WebServices Test Area(May 15) The IBM WebServices Test Area is a live demo server created to give users a simple taste of how applications and components can operate as Web services. It allows users to browse some of the services that are in the IBM Test Registry. All you need is a Web browser to examine the visual components of these services. While these example services are not intended for business use, they show the kinds of services that might be useful to some business operations.
Using SOAP::Lite with Perl(May 1) Marrying SOAP, the darling protocol of the Web services world, to Perl, the grande dame of Web programming languages, is a natural fit. This article will present a no-nonsense approach to using SOAP::Lite, Perl's window into SOAP Web services. (contains sample code)
Web services architect, Part 2: Models for dynamic e-business(April 24) Every emerging technology has to cross the chasm between innovation and acceptance. The technology adoption life cycle for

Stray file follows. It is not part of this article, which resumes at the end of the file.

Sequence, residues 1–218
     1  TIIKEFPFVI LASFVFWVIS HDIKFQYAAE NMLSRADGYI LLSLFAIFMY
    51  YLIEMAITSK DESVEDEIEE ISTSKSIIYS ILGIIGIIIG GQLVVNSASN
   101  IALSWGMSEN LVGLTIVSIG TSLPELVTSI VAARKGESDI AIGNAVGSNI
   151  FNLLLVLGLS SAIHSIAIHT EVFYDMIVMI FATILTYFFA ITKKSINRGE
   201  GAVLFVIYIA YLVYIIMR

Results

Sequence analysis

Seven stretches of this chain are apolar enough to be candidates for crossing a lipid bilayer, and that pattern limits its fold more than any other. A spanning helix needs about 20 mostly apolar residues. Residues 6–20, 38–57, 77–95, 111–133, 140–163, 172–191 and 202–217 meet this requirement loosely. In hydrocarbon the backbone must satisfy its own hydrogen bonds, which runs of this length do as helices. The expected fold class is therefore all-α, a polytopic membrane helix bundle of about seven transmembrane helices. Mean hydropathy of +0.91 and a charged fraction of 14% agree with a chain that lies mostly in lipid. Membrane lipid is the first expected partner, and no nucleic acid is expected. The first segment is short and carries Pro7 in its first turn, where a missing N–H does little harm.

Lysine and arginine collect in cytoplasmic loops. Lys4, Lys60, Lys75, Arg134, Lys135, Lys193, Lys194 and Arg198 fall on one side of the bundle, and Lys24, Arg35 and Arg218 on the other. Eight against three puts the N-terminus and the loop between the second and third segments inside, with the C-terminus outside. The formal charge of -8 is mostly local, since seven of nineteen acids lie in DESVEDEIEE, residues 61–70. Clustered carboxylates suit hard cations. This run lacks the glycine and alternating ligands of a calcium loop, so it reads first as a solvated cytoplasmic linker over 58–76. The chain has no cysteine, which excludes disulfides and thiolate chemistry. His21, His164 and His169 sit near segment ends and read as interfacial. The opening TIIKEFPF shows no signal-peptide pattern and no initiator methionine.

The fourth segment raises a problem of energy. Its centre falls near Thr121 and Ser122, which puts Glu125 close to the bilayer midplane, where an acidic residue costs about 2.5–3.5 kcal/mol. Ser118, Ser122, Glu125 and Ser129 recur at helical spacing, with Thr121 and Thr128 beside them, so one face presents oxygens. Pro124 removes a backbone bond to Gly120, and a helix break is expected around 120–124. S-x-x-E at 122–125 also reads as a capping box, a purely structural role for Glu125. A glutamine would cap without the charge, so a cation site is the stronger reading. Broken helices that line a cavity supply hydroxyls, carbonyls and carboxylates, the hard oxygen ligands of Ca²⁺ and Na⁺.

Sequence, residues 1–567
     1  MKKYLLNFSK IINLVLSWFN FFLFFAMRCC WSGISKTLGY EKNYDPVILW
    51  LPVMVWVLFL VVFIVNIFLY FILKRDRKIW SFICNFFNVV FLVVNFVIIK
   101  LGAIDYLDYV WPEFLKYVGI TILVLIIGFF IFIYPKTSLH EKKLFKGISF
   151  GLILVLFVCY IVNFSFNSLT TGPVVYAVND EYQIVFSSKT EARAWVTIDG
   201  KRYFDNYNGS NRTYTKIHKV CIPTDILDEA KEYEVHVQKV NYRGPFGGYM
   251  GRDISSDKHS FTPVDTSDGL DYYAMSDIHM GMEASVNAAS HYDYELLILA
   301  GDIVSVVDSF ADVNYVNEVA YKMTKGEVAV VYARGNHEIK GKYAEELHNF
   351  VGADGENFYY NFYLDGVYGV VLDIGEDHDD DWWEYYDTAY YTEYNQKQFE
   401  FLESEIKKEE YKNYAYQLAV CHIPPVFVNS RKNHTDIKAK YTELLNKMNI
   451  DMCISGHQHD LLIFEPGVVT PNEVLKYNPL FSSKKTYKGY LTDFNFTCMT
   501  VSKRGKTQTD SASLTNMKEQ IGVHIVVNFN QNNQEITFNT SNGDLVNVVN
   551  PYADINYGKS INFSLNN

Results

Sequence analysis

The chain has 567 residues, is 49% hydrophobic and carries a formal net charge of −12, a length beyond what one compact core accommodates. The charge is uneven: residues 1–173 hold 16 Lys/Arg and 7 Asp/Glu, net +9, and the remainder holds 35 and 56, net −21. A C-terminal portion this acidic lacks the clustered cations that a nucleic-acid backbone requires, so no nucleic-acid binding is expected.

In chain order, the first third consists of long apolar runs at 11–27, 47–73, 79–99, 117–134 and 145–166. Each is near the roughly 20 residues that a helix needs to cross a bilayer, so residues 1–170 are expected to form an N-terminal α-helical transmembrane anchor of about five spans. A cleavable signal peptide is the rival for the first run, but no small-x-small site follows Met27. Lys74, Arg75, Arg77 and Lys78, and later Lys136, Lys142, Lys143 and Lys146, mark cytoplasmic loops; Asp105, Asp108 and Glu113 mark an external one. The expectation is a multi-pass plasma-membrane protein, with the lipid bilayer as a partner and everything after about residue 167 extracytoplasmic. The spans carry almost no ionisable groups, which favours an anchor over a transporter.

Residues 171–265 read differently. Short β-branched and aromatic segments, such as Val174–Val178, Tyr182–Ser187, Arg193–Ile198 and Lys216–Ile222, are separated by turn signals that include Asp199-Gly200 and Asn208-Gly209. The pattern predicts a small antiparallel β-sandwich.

Web services is no different. However, this technology does pertain to a different target audience of decision makers. Who are they?
What will motivate them? Building on the vision of Dynamic e-business, this article explores the value proposition Web Service
technologies offers to business entities in a variety of market segments.
Web services architect, Part 1: An introduction to dynamic e-business(April 5) Emerging technologies have played a strong role in the evolution of the Internet over the past five years. Java gave us portable code; portable data came with XML; and Pervasive Computing addressed the connectivity of any device. Now the hype surrounds Web services. In this series of articles, I will discuss the importance of this technology in developing the next generation of the Internet as well as describe the Web services strategy of IBM. Additionally, I will explore the business impact of Web services, how to identify a relevant solution opportunity, and how to evaluate the many vendor strategies building around this technology.
Web services insider, Part 1: Reflecting on SOAP(April 3) What is the current state of the "Web services revolution?" In this, the first installment of my new column titled "Web services insider," I'll answer this question by reviewing the tools and technologies that have emerged over the past year, highlighting their differences and similarities.